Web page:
Why you need to visit Colombia
Why you need to visit Colombia
At one end there is a roadblock. Armed men in military and police uniforms are waving away traffic seeking access to the vast Plaza de Bolivar.
Only pedestrians, mostly locals on their way to work but also a few intrigued tourists, get through. As the morning progresses, there is the sound of military bands and a cavalcade of mounted soldiers clatter past. But a quick conversation with one of the cheery soldiers on point duty reveals nothing alarming in the sudden show of force.
Instead, it’s a formal event in honour of the out-going police chief. Medals are being handed out. Crowds are enjoying the spectacle.
It’s a new day.
The events of the past still cast long shadows over modern-day Colombia; but they are fading fast. Today, the spotlight is firmly on the country’s richly varied and beautiful environment, its complex and fascinating history and warm and welcoming population.
Colombia is one of the most physically diverse countries in the world, with a glorious, mountainous Andes region, pristine Amazon rainforest, rich coffee-growing highlands, tropical grasslands, multi-coloured desert and both Caribbean and Pacific coastlines. In this South American country, you can see ancient petroglyphs and wander through sites belonging to some of the earliest indigenous inhabitants.
More than many other capitals, Bogota is a city in two parts, young and old. Both flourishing.
La Candalaria is the quaint historical part of the city. The houses open directly on to the narrow streets and, while from the outside they look small, step through the carved wooden doors within vast doors and you find yourself in a light-filled open-air quadrangle with the living quarters wrapped around it.
However, as the city prospers and grows, some are being converted into restaurants and boutique hotels, many remain private homes, often housing multi-generational families.
It’s a steep, lung-testing climb up the road to the charming Plaza Chorro de Quevedo, high on one of the city’s steep hillsides. Acknowledged as the birthplace of modern Bogota following the formal declaration by the Spanish invaders in 1538, only a few of the original houses and the small pretty chapel survive, but it’s a bustling fun place, popular with students. And with a devastating view up to the mountains and down to the city.
It also is the entry point to one of the city’s “graffiti streets”, not crude daubings by an anarchic few but officially sanctioned works of creativity. Bogota has an abundance of museums and galleries all seemingly popular with locals as well as tourists, particularly at weekends.
If you have limited time, there are a couple of must-sees. The Museo del Oro is devoted to the exquisite artistry of the early goldsmiths from all the major pre-Hispanic cultures; workmanship so fine and precise it rivals any modern offerings. The pieces are artfully displayed and tell the history, in particular the rituals of the cultures and societies that once flourished across the region.
Arch-angel Michael inside Salt Cathedral, north of Bogota. Picture: Anne Fussell
All are beautiful but the standout has to be the unique golden raft, made by the native Muisca, one of the largest indigenous groups, and centerpiece of the legendary El Dorado ceremony.
The Museo Botero contains the largest collection of works by Fernando Botero, world famous for his proportionally exaggerated (usually known as chubby bodies) figures, interesting in their own right but also for his outspoken political commentary.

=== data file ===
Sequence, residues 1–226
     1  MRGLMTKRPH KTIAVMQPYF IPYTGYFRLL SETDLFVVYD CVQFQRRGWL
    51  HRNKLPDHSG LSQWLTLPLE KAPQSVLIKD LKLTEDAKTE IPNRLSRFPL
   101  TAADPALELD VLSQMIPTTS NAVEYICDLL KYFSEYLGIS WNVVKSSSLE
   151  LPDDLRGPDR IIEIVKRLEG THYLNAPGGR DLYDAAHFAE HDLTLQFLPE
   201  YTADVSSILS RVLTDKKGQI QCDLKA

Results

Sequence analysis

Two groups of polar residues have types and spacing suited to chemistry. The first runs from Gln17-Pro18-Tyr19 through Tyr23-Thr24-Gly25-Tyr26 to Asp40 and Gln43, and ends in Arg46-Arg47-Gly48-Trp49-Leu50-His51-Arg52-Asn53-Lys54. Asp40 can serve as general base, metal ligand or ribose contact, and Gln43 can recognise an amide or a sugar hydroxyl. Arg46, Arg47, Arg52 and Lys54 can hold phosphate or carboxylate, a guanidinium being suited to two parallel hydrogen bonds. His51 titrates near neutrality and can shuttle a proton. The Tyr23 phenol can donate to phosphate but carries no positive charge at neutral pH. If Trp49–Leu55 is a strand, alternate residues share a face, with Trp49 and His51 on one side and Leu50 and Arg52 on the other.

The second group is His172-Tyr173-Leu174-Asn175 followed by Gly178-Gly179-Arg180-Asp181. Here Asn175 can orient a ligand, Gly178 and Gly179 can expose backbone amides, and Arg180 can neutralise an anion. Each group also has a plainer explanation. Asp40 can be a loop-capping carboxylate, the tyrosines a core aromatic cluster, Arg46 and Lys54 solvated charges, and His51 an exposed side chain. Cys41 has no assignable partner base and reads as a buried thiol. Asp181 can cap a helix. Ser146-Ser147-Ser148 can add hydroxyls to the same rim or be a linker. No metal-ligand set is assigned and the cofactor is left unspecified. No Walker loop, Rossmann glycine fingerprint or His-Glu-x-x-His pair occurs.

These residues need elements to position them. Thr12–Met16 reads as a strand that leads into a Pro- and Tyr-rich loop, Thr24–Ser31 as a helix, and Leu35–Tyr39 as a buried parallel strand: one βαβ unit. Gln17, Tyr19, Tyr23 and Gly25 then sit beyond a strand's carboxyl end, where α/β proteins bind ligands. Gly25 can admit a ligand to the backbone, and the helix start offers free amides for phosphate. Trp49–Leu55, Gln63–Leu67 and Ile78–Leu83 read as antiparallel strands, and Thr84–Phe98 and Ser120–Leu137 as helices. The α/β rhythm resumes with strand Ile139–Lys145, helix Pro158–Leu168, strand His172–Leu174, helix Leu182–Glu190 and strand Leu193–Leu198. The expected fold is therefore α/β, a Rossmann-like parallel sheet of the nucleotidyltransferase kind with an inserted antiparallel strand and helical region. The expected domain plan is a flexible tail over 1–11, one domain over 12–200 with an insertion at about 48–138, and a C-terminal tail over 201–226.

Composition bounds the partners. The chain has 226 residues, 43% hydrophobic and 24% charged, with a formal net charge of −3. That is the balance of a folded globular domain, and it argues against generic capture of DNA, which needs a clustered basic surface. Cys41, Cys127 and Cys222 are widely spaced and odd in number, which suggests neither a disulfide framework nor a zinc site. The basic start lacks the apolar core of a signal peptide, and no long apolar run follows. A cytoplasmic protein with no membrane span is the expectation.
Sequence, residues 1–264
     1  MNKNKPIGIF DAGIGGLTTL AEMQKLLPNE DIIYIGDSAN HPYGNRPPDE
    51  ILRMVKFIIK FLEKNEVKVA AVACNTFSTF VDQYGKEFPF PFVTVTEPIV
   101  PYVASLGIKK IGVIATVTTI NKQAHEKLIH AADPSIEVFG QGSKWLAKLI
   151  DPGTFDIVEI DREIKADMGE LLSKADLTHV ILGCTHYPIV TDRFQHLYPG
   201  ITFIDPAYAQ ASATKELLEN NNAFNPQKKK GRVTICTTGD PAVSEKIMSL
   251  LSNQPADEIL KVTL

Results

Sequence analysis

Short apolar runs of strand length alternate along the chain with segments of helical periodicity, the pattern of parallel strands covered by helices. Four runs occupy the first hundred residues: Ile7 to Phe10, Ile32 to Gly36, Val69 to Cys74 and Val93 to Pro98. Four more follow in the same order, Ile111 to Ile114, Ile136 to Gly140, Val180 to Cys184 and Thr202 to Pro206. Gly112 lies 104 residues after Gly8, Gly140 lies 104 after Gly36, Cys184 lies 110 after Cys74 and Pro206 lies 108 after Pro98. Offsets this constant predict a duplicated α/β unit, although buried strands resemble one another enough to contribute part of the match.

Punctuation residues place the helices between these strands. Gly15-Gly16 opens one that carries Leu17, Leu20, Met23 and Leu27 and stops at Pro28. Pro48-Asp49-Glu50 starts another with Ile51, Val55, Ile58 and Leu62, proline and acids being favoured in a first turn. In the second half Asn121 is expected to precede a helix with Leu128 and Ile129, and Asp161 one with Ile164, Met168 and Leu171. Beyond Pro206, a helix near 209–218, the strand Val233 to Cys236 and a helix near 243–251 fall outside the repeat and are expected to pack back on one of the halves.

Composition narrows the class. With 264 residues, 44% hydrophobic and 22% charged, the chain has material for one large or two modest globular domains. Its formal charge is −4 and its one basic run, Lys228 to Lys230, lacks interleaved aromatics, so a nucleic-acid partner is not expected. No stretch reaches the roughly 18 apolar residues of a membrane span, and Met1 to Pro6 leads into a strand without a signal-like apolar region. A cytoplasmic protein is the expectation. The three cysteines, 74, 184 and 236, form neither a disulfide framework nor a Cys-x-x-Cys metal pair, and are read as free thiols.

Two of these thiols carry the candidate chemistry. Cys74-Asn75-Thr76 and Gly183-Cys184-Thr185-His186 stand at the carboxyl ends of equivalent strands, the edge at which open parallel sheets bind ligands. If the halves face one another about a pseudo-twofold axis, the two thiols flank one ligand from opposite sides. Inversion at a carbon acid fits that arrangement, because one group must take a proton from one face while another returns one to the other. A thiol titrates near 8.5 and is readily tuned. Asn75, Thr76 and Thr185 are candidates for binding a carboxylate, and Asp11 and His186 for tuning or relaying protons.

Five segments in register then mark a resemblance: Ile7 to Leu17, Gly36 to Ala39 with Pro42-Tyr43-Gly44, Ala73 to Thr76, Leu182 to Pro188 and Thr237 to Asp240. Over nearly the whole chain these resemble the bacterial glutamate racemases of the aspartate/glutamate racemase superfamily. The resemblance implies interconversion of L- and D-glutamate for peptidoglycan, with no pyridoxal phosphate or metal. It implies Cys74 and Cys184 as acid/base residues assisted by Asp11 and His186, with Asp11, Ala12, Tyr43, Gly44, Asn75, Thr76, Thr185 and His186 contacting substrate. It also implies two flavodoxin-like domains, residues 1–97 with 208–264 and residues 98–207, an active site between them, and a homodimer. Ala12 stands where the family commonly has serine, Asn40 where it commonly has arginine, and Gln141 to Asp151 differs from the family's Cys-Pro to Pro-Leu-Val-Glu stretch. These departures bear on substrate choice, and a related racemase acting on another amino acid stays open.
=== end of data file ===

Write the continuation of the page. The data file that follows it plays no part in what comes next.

His huge statues in the teeming Plazoleta de Las Esculturas in Medellin, his home city, include a number of seriously over-endowed nudes, which are a source of endless amusement to visitors.
About 50km north of Bogota is the Catedral de Sal de Zipaquira, or Salt Cathedral. Sure, it’s on the main tourist trail but it’s none the less awesome for that. Developed on a site originally mined by the Muisca people, the cathedral grew out of the small chapel created to serve the miners. You enter via a wide, winding “roadway” past 14 eerie Stations of the Cross hewn into the walls of the mine.
Then, guided by strategically placed giant statues of the archangels Michael and Gabriel, you descend into the vast, vaulted cathedral proper complete with three naves.
The “new” part of Bogota reflects an economy on the move. Here, the roads are packed with expensive vehicles; streets are lined with shops selling haute couture (although the vendors of knock-off watches linger optimistically close).
At night, in the little squares off the main road, the air is alive with music and you can dine anywhere on the food spectrum – from crowded bar to restaurants like the uber chic El Cielo with its Heston Blumenthal approach to the eating experience.
About 230km from Bogota, Medellin has been internationally defined by its criminal past as the drug capital of the world and the brutal internal war with the ruthless cartel run by Pablo Escobar. But Escobar is decades dead and the government is working aggressively to re-brand Medellin as a tourist and investment attraction, building on its position as the capital of ancient Antioquia.
The city itself is very attractive, located in a narrow valley with high-rise office and apartment blocks soaring skywards alongside the craggy peaks that encircle it.
The Metro is the transport artery, particularly for those on low incomes, and includes a cable car service to the poor barrios, Escobar’s home turf, which cling, sometimes precariously, to the hillsides. It offers a cheap and absolutely stunning view of the city.
Downtown Medellin is a bustling mix of tourist and locals with plenty to see around the Plazoleta de las Esculturas, like the pretty Ermita de la Veracruz colonial church and the Museo de Antioquia with its large collection of pre-Colombian artifacts.